But if that same person talks about work-life balance - then I think they are considering employment as part of a bigger picture and may be more reliable and a better bet for hiring.

It can also be helpful to put a stake in the ground about what you expect for respecting boundaries of work and life, and hours and commitment. If the new jobs are round-the-clock grinds, then you both have the option to gracefully exit the hiring process before you sign on and then have to put your foot down about hours.

Of course your mileage may vary.

On preview - yeah what literally everyone else is saying but they did it shorter and better.
posted by sol at 12:07 PM on July 13, 2020 [14 favorites]

It's okay to say you like the general role and responsibilities and want to continue doing them, but that you're also looking for X traits or Y qualities.

In non-pandemic times, a shorter commute is a very legitimate reason to look for a different job that wouldn't be questioned much (by non-sociopaths who value work-life balance). If you use the commute as one of your main reasons, your can add that you knew you'd be returning to the office eventually and were ready for change.

+1 to everything mochapickle wrote, you got this! You don't need to satisfy their every curiosity, you just want to avoid being flagged as questionable by anyone interviewing you.

As for friends/family questioning your plans, let them know you want a better work-life balance, and that's what makes you happy in the long run. Some will get it, and others.... don't get to make life decisions for you.
posted by Goblin Barbarian at 12:12 PM on July 13, 2020 [1 favorite]

This is a great use for your cover letter. You can address it head on there and talk about how you’re looking for stability, a chance to excel in an individual contributor role, whatever it is that makes you feel good about a lateral move. (Or is it a step back?)

I feel like one of the other unspoken assumptions is that they won’t be able to match your salary requirements. Handily, being upfront in your cover letter will implicitly help address this too.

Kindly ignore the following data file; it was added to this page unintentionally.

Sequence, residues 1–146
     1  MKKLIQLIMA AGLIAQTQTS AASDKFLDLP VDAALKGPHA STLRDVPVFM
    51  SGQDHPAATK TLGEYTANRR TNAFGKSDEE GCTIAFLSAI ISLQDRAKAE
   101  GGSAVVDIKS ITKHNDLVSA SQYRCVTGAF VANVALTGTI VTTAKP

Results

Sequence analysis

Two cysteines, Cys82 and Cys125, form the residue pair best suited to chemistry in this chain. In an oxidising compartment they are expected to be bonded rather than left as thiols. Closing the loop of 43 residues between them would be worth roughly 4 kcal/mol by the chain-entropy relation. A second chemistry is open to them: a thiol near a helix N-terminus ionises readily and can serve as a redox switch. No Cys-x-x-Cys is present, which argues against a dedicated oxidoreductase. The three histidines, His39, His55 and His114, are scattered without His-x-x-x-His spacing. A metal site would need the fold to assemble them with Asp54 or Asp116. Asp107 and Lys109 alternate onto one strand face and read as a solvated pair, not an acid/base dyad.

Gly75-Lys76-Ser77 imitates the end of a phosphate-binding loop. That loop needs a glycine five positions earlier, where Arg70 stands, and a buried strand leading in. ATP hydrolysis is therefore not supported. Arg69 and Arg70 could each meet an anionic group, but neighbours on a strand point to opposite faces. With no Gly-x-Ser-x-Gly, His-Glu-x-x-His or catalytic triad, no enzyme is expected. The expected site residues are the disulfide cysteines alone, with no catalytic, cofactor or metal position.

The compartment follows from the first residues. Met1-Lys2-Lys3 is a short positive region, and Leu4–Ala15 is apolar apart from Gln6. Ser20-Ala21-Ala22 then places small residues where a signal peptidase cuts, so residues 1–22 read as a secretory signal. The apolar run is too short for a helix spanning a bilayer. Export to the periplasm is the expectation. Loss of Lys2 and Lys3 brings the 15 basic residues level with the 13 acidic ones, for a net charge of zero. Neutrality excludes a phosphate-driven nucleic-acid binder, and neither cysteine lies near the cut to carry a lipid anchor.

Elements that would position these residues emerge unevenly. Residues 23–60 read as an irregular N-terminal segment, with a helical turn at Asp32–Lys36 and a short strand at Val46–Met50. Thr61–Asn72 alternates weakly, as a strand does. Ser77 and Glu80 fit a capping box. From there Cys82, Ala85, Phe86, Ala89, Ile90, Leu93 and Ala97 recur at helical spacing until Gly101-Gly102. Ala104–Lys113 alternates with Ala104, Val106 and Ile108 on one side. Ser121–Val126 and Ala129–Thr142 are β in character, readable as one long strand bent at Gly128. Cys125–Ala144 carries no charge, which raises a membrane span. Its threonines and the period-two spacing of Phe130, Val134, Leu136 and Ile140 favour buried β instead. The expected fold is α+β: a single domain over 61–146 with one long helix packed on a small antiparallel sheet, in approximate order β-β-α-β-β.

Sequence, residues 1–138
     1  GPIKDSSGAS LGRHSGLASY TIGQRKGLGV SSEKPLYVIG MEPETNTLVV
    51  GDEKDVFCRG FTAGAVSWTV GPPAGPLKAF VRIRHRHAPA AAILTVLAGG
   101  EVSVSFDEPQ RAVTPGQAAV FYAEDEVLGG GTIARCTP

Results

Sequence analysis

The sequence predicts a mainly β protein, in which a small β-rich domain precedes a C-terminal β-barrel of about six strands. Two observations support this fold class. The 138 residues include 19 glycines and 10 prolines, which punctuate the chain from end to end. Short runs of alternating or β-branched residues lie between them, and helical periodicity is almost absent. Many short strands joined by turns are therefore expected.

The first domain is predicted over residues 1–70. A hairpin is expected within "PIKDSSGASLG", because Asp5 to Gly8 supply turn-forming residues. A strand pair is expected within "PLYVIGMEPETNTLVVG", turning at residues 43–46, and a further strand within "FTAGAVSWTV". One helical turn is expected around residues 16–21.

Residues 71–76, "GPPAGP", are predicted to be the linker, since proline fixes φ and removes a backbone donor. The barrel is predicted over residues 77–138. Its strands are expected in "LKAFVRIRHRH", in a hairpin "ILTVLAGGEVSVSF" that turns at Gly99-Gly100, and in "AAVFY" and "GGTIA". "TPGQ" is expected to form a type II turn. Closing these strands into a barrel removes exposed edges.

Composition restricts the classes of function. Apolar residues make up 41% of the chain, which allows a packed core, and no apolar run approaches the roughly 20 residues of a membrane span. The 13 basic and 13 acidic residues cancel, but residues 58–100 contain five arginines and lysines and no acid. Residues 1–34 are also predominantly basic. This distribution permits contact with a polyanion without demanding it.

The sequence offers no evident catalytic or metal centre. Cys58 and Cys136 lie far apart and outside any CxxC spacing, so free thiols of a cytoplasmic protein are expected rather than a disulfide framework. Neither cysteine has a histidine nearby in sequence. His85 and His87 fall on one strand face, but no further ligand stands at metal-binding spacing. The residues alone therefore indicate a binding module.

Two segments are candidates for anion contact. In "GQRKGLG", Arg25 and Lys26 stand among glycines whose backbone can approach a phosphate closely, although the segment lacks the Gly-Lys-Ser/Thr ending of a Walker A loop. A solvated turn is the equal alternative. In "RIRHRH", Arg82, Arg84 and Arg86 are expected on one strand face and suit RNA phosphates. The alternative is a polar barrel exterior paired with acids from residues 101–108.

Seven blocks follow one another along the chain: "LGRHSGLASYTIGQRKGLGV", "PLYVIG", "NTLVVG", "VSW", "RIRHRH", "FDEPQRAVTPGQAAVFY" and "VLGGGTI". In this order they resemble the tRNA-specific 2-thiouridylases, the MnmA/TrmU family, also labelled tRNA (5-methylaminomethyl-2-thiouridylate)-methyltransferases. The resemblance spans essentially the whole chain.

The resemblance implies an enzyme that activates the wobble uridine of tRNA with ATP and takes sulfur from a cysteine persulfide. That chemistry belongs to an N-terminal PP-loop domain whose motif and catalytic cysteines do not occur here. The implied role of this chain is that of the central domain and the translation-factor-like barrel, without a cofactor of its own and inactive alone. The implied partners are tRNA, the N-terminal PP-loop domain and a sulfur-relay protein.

posted by capricorn at 12:14 PM on July 13, 2020 [2 favorites]

I did this successfully once. I was moving from a position directly engaged with scientific research to one where I would be doing administrative work a layer or two removed from actual hands-on work in a lab. The interviewers were clearly worried that I would a) be bored senseless b) find out that I really missed research and run screaming back to the lab. They just want to know that you are willing to do the work and stick around for a while.

In my case this involved emphasizing the parts of my then-job that I did like and would carry over, and also the parts that I was really looking forward to be free of.

It went something like "Being involved in and supporting research is something I feel really strongly about doing for my whole career, but I've realized through my current job that I really enjoy and am good at the administrative/organizing/compliance parts of it, and I'm not as passionate about data analysis and having toddlers squish crackers in my hair while I run them through experiments. I'm also really excited about moving to a department level where I can have a broader view of the whole scope of the organization's research, rather than having a deep-dive experience with just the one lab." I had to sell them on it a bit but it was do-able because I really did mean it in the broad strokes even if some of the specifics may have been laid on a little thick.

I've been there for nearly a decade now and no one has squished a cracker in my hair once. I'm very happy with my sideways move and I hope you find yourself in a better position too.
posted by Stacey at 12:26 PM on July 13, 2020 [8 favorites]

“I’ve heard great things about this company and want to be part of a team that’s well-run, well-organized, and headed by great people. I’ve realized over my career how important those qualities are for me, especially because I’m looking for a place I want to stay for the long run, as I continue to grow my career and skills.”
posted by sallybrown at 12:30 PM on July 13, 2020 [1 favorite]